VO: Get ready for your semi-regular dose of random ideas from the guys at Codelation. We like to talk about big ideas companies that are winning, and those that aren't along with current events in our crazy world of software startups. So come along with Erick and Josh, who challenge you to think big, start small and turn your ideas into something on this episode of, from idea to done.
Josh: Hey everyone, I'm Josh.
Erick: and I'm Erick and today's big idea is effective networking. And so my actual title here is business development and networking is my life. I've been an outside sales roles for about the past seven years and all sorts of thoughts and ideas I have on networking. So I think we should hear a little about him.
Josh: Yeah. I think everyone's idea. They have a different idea as to what networking is. You know, I think some see it as lead generation, uh, while others, you know, maybe they see it as a waste of time and that you should be getting work done. Uh, Eric, what's your take on networking? So
Speaker 2: Actually I think it's everything and there's weird old cliches, like your net worth is your network and it's not what you know, it's who, you know, and I kind of agree with these. And I mean, when you even think in your own life, who's made the biggest impact on your life outside of your family. And it's, it's random strangers that have evolved into your greatest customers. And those people have referred you to your next greatest customers and random strangers can eventually turn into a spouse. And like, where did you meet these people? And it's kind of basically random chance.
Josh: I think there's some random chance to it, but you know, I'm thinking about networking. You know, I could be hanging out in a coffee shop and expect some sort of a social collision to happen, you know, when talking in line or running into someone. But my networking has been a little more strategic. I, if I need to get in front of somebody and I know that they're going to be at an event, I go book the ticket and you just kind of bump into them. Um, you know, our referrals getting a little low show to them, show up to a meet up or, you know, go to a million cups, you know, just be present where they're out, any who Eric, I'm getting a bit ahead of myself, help me break down how you're seeing networking.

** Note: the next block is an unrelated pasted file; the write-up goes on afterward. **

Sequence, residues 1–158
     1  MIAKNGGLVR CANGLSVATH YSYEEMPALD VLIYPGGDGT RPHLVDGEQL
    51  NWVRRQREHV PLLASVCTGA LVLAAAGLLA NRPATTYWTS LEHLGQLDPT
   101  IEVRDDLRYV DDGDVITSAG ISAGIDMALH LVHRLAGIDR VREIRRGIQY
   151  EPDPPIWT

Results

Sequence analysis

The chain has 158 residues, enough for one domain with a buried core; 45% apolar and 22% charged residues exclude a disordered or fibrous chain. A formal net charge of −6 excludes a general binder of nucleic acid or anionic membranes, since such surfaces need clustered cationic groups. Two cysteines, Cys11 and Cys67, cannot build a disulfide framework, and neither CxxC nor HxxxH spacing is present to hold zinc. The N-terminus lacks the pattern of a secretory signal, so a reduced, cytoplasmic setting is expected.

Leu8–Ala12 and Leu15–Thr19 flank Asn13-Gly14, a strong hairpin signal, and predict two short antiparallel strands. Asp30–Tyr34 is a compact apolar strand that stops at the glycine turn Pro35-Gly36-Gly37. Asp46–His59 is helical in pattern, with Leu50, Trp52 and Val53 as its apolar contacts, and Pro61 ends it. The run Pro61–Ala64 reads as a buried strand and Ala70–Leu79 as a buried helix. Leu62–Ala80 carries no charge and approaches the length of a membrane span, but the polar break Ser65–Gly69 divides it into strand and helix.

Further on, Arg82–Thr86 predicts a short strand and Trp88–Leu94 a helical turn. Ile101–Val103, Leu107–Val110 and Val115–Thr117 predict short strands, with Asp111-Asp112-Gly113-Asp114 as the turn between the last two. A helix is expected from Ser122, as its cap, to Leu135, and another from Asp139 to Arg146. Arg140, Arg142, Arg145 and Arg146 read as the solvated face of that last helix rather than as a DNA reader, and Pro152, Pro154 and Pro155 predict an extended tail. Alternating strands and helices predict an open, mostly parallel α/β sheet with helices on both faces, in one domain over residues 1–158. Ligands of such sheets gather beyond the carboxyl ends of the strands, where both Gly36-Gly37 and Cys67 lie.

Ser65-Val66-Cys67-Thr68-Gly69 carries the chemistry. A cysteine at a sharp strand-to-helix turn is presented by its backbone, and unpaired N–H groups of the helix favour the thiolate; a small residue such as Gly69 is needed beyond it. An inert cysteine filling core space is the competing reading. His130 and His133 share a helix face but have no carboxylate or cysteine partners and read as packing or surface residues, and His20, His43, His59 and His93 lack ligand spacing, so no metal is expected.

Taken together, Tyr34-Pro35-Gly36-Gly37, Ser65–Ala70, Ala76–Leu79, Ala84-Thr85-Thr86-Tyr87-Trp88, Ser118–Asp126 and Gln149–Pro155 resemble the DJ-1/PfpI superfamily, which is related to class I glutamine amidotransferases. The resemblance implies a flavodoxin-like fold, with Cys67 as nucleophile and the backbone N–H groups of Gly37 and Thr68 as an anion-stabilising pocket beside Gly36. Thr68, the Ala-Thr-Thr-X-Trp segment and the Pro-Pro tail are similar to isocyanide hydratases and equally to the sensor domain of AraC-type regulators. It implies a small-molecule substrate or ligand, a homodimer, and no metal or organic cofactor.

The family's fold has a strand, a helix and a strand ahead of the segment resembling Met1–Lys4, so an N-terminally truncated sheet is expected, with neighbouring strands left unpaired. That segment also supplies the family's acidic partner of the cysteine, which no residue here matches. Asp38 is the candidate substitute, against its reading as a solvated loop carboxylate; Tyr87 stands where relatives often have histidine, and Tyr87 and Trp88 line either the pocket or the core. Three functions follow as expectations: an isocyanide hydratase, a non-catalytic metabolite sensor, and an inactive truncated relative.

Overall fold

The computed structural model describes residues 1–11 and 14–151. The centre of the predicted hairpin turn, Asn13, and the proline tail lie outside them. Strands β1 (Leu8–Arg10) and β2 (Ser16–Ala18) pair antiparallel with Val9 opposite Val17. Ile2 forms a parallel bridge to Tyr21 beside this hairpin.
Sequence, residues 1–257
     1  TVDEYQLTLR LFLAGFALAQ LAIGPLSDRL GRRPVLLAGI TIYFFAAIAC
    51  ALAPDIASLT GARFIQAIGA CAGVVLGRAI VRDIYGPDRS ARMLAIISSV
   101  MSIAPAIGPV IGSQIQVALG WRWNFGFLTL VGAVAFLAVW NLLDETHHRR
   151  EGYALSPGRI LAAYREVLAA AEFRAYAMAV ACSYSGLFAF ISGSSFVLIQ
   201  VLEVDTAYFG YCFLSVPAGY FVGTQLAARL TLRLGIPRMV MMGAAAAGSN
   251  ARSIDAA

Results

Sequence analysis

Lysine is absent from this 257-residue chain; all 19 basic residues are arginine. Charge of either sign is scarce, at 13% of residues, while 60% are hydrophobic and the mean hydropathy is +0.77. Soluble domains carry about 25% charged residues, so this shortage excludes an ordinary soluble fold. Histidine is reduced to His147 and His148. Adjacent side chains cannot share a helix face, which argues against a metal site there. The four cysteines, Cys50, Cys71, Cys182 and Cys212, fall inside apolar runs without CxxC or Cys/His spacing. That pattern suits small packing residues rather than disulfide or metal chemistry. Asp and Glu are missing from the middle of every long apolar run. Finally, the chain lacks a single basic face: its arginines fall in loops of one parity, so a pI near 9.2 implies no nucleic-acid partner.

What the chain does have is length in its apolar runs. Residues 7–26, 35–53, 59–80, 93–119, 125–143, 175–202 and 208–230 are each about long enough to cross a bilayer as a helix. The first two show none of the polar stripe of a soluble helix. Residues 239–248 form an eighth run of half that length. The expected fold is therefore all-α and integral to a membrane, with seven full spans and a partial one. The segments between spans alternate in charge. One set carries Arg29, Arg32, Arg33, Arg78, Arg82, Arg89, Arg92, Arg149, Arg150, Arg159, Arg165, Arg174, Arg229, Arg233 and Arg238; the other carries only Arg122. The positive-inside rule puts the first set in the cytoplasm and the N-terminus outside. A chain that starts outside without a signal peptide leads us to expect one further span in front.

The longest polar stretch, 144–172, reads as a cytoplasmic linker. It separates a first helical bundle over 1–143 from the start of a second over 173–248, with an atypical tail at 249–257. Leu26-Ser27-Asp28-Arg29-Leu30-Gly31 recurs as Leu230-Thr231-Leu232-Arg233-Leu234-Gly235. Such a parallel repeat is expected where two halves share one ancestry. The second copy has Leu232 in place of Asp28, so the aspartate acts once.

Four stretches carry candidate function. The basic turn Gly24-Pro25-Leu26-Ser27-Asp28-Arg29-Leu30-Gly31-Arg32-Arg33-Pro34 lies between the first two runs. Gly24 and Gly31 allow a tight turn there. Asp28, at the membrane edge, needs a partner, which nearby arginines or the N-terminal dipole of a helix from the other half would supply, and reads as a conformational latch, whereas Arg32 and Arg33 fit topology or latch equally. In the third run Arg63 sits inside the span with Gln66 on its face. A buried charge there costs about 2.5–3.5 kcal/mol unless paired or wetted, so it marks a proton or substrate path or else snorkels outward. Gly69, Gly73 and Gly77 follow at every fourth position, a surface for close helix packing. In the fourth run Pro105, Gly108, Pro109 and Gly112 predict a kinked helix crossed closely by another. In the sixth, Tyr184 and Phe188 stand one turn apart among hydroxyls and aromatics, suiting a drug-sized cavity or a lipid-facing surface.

Speaker 2: So, so my thought of networking is the entire world is basically a dichotomy of your kindergarten class. Yes. Dichotomy is probably my biggest one so far. Um, no, no, no, I'm lost. Okay. So out of every 25 people you meet, 10 of them are fake. 10 of them are stupid. Four people you can actually be friends with. And then there's one person you want to eat lunch with every day for the next 12 years, his name is Jeff. I go into every networking situation, looking for the Jeff in the group and giving your business card to 20 of the stupid fake people does nothing. So I really, like I said, I tried to find my Jeff
Josh: Ouch, that hurts if I'm probably in the stupid or the, uh, the fake people. Hopefully not anyway, no comment. Yeah. So Eric, how do you find the Jeff, who is that person of influence in your world? So one